Adult Education and Community Development and Counseling Psychology
Aboriginal Knowledge: Implications for Education (J. Restoule)
This course will explore Indigenous ways of knowing and knowledge systems and how this knowledge might inform the work of teaching, learning, and research. Course content may include indigenous research protocols, decolonizing methodologies, ethics, and politics of researching and teaching in Aboriginal communities, indigenous knowledge in the academy, intellectual property rights, curriculum development and innovations in Aboriginal education. Traditional teachings from respected Elders may be incorporated into learning. For learners with a research focus, this course enables inquiry into the production of knowledge, from both western and indigenous perspectives. For those interested in education implications, the course provides a footing in the workings and characteristics of indigenous knowing which will aid their pedagogical practices in Aboriginal and non-Aboriginal contexts.
Aboriginal Education: Contemporary Policies and Programs (E.Antone)
This course is designed to provide an interdisciplinary approach to the analysis of Aboriginal education in Canada. Emphasis is on understanding the influences of policies, programs, and institutions that affect the Aboriginal community in respect to Aboriginal education. One of the major data sources will be the report of the Royal Commission on Aboriginal Peoples. Aboriginal guest speakers will also comment on selected topics. Components of this course will include the Aboriginal world view; contemporary history/politics relevant to Aboriginal Peoples; and Aboriginal education and healing. Treaties were originally signed between First Nations and the Federal Government of Canada. These treaties for the most part have not been honoured. In this course we shall discuss the ways and means to redress this situation as we focus more specifically on issues relevant to Aboriginal education.
Aboriginal World Views: Implications for Education (J.Restoule)
This course provides a deeper understanding of Aboriginal worldviews and an appreciation of how this knowledge can enhance teaching, learning, and research. Learners will examine philosophical views shared by Aboriginal people while honouring a diversity of identities, culture, language, and geographic locations. Course content may include Aboriginal cognitive styles, values and ethics, traditional teachings and indigenous methodologies. This course will promote an understanding and appreciation of Aboriginal perspectives and explore strategies for integrating this knowledge into the work of educators and researchers.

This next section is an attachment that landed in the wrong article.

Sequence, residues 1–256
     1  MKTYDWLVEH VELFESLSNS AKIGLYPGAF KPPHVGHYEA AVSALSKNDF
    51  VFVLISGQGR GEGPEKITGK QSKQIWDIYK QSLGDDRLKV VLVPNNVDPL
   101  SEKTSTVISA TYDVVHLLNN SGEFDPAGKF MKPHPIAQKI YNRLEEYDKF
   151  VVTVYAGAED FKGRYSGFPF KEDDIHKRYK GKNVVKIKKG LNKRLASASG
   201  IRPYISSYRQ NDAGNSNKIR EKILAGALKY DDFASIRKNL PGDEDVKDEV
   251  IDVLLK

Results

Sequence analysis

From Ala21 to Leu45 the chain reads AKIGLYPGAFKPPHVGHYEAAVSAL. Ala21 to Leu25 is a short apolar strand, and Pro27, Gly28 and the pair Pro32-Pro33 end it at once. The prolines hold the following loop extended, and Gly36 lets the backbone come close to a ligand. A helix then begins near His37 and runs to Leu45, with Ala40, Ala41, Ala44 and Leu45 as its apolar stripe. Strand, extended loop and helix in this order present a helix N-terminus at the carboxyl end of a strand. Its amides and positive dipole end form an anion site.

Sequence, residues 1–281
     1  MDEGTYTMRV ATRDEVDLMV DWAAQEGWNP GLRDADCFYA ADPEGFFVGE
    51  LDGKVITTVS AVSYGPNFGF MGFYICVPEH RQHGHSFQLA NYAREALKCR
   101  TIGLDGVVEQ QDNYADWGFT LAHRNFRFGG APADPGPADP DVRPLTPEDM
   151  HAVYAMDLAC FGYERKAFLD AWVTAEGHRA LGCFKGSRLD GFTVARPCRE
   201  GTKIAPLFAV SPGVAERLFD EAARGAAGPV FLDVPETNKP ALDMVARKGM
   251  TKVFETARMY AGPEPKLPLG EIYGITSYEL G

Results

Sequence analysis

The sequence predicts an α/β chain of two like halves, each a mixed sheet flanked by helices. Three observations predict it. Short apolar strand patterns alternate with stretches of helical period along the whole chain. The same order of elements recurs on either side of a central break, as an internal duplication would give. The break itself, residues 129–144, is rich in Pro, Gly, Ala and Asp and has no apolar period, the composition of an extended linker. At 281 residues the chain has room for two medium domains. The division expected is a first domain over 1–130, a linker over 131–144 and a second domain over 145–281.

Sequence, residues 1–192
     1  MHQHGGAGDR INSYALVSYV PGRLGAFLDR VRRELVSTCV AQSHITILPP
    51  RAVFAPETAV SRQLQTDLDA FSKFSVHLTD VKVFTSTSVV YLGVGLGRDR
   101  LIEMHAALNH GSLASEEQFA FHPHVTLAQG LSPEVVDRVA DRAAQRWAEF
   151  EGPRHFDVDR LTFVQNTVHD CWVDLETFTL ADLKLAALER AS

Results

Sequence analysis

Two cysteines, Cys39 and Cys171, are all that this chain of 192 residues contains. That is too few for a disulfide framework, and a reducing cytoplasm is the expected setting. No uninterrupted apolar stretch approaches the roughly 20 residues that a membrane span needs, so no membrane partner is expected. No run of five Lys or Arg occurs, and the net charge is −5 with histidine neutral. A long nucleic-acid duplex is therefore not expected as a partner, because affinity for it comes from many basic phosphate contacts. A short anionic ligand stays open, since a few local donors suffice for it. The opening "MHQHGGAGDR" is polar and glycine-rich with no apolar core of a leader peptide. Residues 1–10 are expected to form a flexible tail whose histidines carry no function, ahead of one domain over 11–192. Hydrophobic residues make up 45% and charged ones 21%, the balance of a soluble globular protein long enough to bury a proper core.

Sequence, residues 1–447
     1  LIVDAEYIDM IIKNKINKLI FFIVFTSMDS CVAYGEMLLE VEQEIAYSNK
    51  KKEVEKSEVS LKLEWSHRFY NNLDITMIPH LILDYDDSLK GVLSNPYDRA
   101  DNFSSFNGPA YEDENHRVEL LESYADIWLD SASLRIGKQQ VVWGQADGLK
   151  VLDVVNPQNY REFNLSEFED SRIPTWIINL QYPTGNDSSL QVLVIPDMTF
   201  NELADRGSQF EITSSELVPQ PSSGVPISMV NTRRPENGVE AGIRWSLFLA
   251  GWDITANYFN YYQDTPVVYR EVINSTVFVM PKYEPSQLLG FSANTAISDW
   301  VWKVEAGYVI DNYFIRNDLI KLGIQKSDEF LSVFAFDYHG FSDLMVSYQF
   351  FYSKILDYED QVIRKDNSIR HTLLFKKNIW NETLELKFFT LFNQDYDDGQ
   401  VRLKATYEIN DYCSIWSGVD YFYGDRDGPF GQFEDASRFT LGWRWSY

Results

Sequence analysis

Special Topics in Aboriginal Community Learning: Current Issues and Practices (J.Resoule and Staff)
This half course will be taught once a year by a visiting Aboriginal Elder, traditional teacher or community leader. Each visitor will call on his or her particular area of interest and experience to develop a course dealing with current issues of Aboriginal community development, learning, and transformation.
NOTE: Course descriptions will change year to year based on the experience and expertise of the instructor.
Post-Colonial Relations and Transformative Education (R.Ng)
This course examines how gender, race, ability, sexuality and class relations and identities are being re-configured in contemporary societies to produce new forms of inequality and difference in this era of globalization, and how these relations are linked to ecological and economic issues. We begin by interrogating the ambiguity of the term, “postcolonial,” through the lens of the aboriginal peoples in Canada. Each year, we will look at one or two aspects of globalization (e.g., migration, ecological and environmental issue). The potential and possibilities for transformative education are explored in light of the discussion undertaken.
Community Education and Organizing (A.R.Miles)
This course involves the study of a variety of perspectives in critical and community education as they relate to development and social change. Key issues in theory and practice will be examined through the study of classic writing in popular education, community organizing, feminist, socialist, anti-racist, anti-colonial and indigenous education/organizing.
Special Topics in Counselling Psychology: Integrating Traditional Healing Practices into Counselling and Psychotherapy. (S.Stewart, R.Moodly)